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To Each His or Her Own Lawyer: Drafting a Cohabitation Agreement, Marriage Contract, or Separation Agreement

To Each His or Her Own Lawyer: Drafting a Cohabitation Agreement, Marriage Contract, or Separation Agreement


Posted February 21, 2017

“Do I really need my own lawyer, or can my partner and I go to see the same lawyer?”

This is a question we frequently hear when two people decide to enter into a cohabitation agreement, marriage contract or separation agreement.

The simple answer is yes, you each need your own lawyer.

Why, you might ask, do each of you need your own lawyer? After all, this is an agreement or contract which the two of you are working on together, even negotiating one-on-one. The main reason for separate lawyers is because of something called “Independent Legal Advice”.

Independent Legal Advice is the term we give to advising a client on their agreement or contract and how its clauses impact his or her legal rights and obligations. Due to the nature of the document, the contents and their impact will mean something different for both of you. For example, if your partner says that each of you will keep your own assets, you need to be advised what this means in terms of your legal rights. Maybe you want to protect your down payment towards a house, or your house entirely. One lawyer representing both of you could not advise you together because you both need independent advice regarding your specific circumstances.

Here is another common example: Your partner wants to do what we call a spousal support release. This means that, if you were to separate (or have separated) you cannot claim spousal support (called alimony in the United States) from your partner. Your entitlement is based on many factors (the length of your cohabitation, whether you were a stay-at-home parent or your partner supported you, your incomes, etc.). Even if you are entitled to spousal support, you would not be able to claim support with a release. If both of you were before one lawyer, the lawyer would tell your partner that yes, this is a good protection – but in the same breath would have to tell you that perhaps you’re giving up something you could be, or are, legally entitled to. Because of this conflict, you each need your own lawyer. It’s important to also note that these lawyers must be from different firms, because of a potential conflict of interest in the firm.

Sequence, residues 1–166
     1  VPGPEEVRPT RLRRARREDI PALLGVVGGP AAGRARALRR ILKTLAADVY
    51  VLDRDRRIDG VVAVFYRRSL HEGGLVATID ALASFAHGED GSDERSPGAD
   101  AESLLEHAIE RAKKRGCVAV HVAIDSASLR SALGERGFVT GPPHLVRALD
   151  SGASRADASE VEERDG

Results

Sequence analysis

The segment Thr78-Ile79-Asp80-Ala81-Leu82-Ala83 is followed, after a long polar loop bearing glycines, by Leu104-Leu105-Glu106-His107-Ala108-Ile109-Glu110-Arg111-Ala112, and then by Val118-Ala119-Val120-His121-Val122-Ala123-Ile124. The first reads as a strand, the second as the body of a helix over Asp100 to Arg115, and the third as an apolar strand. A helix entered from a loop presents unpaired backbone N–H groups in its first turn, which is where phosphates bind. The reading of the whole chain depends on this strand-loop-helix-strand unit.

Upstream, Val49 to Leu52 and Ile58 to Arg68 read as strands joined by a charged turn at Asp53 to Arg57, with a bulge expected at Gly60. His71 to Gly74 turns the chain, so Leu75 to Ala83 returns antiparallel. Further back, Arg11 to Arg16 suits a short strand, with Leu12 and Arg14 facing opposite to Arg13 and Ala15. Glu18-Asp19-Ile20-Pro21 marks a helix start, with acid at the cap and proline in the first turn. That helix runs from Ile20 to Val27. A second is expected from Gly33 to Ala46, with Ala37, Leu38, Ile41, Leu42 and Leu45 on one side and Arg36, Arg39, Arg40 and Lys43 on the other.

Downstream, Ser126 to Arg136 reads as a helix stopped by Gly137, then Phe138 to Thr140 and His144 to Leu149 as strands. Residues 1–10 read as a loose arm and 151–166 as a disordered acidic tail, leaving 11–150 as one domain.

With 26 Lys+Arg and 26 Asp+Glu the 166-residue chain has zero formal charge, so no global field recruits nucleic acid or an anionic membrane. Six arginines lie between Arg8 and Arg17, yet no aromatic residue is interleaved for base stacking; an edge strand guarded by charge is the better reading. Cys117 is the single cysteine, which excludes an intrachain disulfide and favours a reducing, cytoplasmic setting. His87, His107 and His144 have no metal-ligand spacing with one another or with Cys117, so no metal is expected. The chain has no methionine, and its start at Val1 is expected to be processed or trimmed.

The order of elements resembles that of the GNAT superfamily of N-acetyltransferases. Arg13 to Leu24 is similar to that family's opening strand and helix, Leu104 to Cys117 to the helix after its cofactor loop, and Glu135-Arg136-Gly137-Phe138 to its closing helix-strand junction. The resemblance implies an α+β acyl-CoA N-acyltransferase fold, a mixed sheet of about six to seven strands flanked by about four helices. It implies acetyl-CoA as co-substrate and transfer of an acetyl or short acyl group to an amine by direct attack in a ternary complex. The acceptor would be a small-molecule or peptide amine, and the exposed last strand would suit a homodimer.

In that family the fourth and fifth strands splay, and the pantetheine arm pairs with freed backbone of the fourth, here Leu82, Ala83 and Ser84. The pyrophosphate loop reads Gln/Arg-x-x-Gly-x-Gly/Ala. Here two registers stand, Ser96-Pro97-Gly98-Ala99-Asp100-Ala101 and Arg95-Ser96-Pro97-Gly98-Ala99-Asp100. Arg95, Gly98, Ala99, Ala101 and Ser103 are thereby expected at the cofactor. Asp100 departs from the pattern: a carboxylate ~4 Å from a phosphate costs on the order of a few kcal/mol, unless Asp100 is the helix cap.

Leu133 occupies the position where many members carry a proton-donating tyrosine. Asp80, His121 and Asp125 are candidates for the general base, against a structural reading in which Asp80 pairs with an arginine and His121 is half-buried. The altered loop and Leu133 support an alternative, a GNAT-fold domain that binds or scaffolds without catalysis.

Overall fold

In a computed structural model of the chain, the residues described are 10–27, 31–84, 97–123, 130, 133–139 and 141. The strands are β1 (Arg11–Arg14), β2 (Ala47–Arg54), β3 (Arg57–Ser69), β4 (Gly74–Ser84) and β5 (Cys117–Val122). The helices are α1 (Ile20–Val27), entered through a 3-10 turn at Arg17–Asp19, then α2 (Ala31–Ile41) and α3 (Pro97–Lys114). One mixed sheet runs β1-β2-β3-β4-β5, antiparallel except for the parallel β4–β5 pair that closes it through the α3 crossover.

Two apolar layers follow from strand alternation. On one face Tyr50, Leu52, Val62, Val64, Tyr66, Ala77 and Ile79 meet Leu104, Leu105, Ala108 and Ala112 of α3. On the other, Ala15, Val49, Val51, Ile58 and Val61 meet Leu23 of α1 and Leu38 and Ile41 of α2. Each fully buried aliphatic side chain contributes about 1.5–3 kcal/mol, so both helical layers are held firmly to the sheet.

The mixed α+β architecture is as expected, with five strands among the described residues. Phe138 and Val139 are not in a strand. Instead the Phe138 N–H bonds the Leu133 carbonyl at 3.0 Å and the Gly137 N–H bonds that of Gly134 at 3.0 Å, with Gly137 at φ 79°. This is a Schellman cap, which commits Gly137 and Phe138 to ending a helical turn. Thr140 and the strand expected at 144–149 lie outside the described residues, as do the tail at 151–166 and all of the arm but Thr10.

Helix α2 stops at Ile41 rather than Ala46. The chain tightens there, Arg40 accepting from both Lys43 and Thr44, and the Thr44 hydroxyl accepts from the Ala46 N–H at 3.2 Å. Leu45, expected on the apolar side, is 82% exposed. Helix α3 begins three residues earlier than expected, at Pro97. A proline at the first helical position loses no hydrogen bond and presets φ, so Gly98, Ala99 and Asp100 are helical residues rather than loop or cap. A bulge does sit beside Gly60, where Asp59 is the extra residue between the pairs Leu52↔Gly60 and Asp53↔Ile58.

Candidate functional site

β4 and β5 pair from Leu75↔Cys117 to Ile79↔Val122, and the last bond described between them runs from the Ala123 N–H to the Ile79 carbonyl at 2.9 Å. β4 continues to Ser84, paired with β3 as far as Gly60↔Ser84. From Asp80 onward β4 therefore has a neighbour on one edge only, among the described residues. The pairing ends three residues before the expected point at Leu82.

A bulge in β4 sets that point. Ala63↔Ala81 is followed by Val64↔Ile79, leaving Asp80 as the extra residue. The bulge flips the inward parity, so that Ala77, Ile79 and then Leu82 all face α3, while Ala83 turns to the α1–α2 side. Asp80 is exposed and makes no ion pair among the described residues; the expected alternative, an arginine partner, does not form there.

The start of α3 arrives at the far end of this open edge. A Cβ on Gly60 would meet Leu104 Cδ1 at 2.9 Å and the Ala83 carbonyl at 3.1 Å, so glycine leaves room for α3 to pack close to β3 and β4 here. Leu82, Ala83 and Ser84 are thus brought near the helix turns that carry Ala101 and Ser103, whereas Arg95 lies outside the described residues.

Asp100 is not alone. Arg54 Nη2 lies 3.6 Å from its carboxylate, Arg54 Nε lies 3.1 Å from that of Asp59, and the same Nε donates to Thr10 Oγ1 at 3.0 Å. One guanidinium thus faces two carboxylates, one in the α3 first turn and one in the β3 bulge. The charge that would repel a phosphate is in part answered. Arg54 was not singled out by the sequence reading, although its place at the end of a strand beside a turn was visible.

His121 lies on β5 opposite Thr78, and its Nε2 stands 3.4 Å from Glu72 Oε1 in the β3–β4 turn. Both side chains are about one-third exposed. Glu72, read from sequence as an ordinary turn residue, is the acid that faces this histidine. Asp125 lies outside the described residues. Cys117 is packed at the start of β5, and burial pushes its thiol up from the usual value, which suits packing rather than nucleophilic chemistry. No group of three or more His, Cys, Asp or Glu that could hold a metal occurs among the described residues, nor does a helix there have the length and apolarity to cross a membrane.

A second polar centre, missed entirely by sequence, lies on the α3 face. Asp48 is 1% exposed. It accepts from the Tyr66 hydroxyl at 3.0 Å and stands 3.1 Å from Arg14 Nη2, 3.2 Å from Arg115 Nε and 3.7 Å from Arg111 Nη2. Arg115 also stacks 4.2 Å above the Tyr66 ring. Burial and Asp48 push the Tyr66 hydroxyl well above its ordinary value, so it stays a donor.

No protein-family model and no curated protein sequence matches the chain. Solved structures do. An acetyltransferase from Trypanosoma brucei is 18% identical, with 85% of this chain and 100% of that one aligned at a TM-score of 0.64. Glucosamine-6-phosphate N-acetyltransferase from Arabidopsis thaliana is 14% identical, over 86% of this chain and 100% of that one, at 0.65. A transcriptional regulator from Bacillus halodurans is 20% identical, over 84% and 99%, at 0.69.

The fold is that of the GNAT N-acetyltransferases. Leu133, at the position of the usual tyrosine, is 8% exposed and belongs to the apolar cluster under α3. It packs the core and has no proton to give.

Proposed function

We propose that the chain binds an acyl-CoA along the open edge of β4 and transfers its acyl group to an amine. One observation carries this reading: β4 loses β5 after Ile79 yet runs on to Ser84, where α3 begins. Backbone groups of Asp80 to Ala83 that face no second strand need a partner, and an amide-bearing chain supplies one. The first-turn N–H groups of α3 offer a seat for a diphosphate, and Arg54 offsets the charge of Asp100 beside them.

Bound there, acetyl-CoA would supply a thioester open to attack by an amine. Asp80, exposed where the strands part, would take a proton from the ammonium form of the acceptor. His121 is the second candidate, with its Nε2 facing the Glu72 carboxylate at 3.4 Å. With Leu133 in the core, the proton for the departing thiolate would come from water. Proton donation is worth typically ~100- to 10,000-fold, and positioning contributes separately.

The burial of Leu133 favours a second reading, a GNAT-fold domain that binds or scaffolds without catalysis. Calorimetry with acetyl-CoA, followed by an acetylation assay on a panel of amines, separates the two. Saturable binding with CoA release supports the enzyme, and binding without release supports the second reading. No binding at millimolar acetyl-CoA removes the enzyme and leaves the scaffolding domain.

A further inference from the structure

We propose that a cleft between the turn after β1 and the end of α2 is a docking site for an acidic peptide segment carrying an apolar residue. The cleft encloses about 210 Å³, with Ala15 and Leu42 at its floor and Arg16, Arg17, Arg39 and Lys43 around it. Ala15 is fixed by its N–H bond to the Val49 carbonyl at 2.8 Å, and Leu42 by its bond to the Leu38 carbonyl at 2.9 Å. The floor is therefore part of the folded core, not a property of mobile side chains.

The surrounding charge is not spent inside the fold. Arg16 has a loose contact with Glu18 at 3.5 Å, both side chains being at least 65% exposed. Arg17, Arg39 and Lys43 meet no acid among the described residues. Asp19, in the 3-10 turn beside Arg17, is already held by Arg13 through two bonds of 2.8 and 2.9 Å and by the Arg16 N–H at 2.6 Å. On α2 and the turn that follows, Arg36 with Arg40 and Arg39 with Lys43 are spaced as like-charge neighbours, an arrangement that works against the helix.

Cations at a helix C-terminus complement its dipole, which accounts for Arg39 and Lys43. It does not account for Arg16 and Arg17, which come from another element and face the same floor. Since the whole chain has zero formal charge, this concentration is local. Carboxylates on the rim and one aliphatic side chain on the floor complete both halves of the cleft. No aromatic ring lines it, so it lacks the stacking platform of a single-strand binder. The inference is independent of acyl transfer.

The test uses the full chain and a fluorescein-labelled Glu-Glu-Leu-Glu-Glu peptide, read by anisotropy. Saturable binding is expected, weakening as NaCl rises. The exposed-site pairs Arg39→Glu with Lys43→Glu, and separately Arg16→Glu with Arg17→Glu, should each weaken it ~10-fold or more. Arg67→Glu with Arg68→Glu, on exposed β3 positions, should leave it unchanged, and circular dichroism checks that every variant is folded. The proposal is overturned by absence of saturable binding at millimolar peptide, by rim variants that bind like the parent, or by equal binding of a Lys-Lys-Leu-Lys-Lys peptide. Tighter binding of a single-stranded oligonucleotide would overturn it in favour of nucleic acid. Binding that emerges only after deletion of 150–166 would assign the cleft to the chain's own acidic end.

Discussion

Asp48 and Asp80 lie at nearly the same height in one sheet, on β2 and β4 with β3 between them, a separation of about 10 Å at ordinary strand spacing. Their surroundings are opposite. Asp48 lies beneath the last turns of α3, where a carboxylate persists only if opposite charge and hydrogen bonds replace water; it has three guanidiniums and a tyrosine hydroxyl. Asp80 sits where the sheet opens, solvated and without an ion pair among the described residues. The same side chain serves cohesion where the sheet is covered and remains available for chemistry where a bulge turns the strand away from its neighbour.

Just because you now each have your own lawyer, this doesn’t mean the two of you can’t talk about your agreement or decide on things together. The purpose of lawyers is that now you can each get the legal advice you need to sign an agreement with full understanding of its terms. With both of you having Independent Legal Advice, your agreement or contract is stronger. If either of you were to contest it down the road, the fact that you have each had Independent Legal Advice makes an agreement harder to dispute and potentially overturn.

What if you can only afford one lawyer? Parties may decide that only one will see a lawyer, and the other person will waive Independent Legal Advice. Doing so, however, can weaken your agreement – you now have an opening for the party without a lawyer to say they did not know what they were signing or didn’t understand what they were agreeing to. We always strongly recommend that each of you receive Independent Legal Advice.

This blog post was written by Olivia Koneval, a member of the Family Law team.  She can be reached at 613-369-0367 or at

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